Again, none of the aforementioned benefits are legitimate, individual rights, according to the concept of Natural rights theory. They are welfare rights, collective entitlements, granted by government while interfering in the function of the free market and distorting the laws of economics.

After the fall of Fidel Castro, the next generation of Cubans will have to decide whether Cuba will be a collectivist, social(ist) democracy, which will buy people’s vote with welfare rights (entitlements) while living at the expense of the productive segments of society, or whether the Pearl of the Antilles will become a Constitutional Republic, where all citizens are equal in front of the law, are imbued with inalienable Natural rights and governed by the rule of law, rather than the capricious rule of another future tyrant.

Part I. Death of the Maximum Leader
Part II. A Social(ist) Democracy or a Constitutional Republic for Cuba?
Part III. The Sequel


1. Faria MA Jr. Health care as a right. Medical Warrior: Fighting Corporate Socialized Medicine. Macon, Georgia, Hacienda Publishing, Inc., 1997, p. 94-103.

2. Bastiat F. The Law (1850). Reprinted by The Foundation for Economic Education, Inc. (1990), Irvington-on-Hudson, NY, pp. 5-54.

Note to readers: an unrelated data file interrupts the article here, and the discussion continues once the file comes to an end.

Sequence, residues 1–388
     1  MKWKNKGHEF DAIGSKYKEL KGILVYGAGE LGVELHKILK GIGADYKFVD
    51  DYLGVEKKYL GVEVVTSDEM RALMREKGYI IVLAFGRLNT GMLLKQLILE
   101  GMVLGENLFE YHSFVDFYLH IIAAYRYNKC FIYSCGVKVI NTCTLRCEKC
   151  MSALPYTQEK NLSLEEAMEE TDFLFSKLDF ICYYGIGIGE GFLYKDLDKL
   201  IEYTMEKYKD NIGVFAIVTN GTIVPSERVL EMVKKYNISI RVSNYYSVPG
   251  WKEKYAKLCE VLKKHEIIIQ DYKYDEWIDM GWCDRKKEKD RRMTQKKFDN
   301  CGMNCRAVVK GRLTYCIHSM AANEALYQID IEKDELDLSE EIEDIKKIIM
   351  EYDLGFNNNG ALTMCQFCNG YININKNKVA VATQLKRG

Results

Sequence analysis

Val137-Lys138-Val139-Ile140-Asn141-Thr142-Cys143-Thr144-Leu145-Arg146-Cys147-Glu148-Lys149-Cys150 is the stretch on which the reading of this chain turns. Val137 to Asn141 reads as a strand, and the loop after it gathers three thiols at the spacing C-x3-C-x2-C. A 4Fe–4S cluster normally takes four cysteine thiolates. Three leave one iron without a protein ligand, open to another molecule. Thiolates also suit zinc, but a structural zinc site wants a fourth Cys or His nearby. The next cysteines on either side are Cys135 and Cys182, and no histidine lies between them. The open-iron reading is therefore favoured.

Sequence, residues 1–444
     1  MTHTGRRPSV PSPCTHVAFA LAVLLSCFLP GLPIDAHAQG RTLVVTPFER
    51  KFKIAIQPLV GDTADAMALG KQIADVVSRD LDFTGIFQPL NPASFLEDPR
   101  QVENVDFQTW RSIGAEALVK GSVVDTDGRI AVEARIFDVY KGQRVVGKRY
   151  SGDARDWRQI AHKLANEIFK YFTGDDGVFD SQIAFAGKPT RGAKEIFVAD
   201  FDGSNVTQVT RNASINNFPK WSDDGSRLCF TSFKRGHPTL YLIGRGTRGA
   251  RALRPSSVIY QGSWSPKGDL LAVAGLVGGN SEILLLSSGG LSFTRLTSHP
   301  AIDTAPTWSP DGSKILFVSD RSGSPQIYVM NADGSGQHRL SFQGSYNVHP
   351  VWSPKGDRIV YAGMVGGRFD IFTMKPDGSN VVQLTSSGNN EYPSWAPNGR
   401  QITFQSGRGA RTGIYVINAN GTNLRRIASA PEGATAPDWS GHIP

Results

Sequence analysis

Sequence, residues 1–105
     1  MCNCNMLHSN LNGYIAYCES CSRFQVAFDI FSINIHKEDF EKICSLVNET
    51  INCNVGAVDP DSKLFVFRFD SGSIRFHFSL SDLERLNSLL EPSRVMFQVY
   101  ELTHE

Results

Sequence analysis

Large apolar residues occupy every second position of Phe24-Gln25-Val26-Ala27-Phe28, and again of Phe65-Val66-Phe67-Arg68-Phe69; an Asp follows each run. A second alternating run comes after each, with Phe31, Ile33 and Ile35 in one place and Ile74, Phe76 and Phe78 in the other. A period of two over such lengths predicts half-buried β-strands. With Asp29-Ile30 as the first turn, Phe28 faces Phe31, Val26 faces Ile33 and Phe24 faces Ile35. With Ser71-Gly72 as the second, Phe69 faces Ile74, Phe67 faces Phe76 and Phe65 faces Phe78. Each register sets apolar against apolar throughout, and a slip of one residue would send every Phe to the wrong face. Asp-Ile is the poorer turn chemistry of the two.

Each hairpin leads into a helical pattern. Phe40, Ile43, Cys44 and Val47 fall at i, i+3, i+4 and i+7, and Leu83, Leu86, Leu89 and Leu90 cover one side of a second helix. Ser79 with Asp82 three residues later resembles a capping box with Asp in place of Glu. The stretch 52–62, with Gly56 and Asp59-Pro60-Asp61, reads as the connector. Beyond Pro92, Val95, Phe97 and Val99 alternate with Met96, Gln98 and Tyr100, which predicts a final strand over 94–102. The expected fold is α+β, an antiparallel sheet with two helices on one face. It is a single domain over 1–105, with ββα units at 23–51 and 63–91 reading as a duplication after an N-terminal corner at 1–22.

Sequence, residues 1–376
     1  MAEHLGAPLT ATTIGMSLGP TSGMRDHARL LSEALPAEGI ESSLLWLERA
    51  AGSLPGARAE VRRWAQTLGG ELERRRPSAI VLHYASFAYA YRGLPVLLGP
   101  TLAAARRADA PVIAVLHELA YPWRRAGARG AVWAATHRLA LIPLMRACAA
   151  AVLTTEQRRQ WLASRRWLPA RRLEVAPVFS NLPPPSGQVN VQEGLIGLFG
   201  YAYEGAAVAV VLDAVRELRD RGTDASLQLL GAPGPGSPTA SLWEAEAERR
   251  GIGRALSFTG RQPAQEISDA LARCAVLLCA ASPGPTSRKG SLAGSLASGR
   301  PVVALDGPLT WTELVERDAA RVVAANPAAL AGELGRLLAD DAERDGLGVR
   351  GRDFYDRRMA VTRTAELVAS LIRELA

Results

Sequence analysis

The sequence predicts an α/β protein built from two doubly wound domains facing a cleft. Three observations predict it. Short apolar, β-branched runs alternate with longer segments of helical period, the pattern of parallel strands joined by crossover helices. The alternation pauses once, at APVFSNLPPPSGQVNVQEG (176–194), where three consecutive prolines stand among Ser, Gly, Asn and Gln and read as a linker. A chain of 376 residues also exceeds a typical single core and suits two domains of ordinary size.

3. The Hearst Corporation survey of 1987 cited by Dr. John Eidsmore in The Bill of Rights ­ securing that which is God-given. The New American 1991;26(7):21-28.

4. Martí J. Vindicacion de Cuba. The Evening Post, New York, March 25, 1889. For other writings of José Martí, visit

5. The text of the Cuban Constitution of 1940 and other important historic documents are contained in Mijares, José, Proyecto Para la Reconstrucción Completa De Cuba. Tampa, Florida, 1993.

Written by Dr. Miguel Faria

Miguel A. Faria Jr., M.D., is Editor-in-Chief of the Medical Sentinel of the Association of American Physicians and Surgeons (AAPS), author of “Vandals at the Gates of Medicine” (1995) and “Medical Warrior: Fighting Corporate Socialized Medicine” (1997), a contributor to and a columnist for He is currently working on a book about Cuba that will be released this fall.

This article may be cited as: Faria MA. The Fall of Fidel Castro (Part IV): The Final Chapter., July 24, 2001. Available from:

Copyright ©2001 Miguel A. Faria, Jr., M.D.